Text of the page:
Why People Stop Reading a Book

I think a lot about books and writing. I’ve always wanted to be a writer of some kind and now that I’ve self-published two novels, I’m desperately trying to get better at what I love to do. Besides getting reviews and feedback you think about what impact your books have on the reader. Do they understand the idea? Do they like the language? Which parts do they like and which do they don’t like? Are the characters clear and “real” enough? And of course: Did I lose them and if so, where?


Write What You Know?


One of my favorite books on writing (aptly named “On Writing“) is written by Stephen King and in that book he regurgitates and then chews on one of the most common rules for writing; write what you know.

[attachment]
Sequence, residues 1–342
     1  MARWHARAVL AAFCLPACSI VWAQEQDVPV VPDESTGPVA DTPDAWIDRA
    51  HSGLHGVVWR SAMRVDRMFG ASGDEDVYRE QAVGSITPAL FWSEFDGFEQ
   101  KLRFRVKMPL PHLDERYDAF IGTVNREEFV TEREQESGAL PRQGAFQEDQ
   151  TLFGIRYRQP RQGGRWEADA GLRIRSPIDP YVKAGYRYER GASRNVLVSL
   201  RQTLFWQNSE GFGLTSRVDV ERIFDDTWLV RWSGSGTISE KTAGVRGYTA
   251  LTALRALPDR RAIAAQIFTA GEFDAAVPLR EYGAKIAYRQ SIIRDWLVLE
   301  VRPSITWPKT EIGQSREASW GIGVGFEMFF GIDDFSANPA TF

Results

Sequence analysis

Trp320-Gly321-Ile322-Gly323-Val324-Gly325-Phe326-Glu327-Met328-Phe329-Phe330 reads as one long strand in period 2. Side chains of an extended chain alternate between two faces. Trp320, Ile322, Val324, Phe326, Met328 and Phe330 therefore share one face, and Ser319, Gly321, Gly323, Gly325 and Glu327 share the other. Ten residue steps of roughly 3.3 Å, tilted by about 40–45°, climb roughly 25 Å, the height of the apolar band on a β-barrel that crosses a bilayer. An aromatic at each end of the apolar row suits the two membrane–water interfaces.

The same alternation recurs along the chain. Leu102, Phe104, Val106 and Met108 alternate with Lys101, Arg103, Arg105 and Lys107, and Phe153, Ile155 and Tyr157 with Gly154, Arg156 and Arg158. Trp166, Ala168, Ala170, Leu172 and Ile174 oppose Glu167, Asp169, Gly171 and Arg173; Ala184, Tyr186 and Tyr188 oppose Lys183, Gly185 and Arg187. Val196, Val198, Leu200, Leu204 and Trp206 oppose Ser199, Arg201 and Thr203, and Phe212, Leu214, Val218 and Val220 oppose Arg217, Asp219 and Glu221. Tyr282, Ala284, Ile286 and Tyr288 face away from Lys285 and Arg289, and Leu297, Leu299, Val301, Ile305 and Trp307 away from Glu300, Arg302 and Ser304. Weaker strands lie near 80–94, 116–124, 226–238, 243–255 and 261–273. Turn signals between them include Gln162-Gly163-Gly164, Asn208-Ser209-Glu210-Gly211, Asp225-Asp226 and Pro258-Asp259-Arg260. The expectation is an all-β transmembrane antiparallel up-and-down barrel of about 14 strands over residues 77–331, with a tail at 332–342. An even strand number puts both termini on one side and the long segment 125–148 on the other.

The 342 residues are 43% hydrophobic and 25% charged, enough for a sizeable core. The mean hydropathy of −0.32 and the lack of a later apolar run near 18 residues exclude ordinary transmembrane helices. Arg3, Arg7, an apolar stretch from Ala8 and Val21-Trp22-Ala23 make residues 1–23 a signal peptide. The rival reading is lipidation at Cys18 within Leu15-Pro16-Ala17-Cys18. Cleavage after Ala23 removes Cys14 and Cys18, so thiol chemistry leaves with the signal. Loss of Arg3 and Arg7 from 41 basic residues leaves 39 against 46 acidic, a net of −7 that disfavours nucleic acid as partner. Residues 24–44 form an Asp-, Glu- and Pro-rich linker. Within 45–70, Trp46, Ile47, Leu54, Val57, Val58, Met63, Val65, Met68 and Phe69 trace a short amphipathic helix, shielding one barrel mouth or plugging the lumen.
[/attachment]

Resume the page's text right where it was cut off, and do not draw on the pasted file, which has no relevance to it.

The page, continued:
First time I read it it made a helluva lot of sense. I mean, it does sound damn difficult to write about space when you have spent all of your life with your feet planted firmly on the ground. Yet, if you can’t write about what you like, doesn’t it take away the fun of it? The reason you write is because it’s fun, right? Then it doesn’t make sense to write about accounting or plumbing (because honestly that doesn’t sound very exciting for a plot).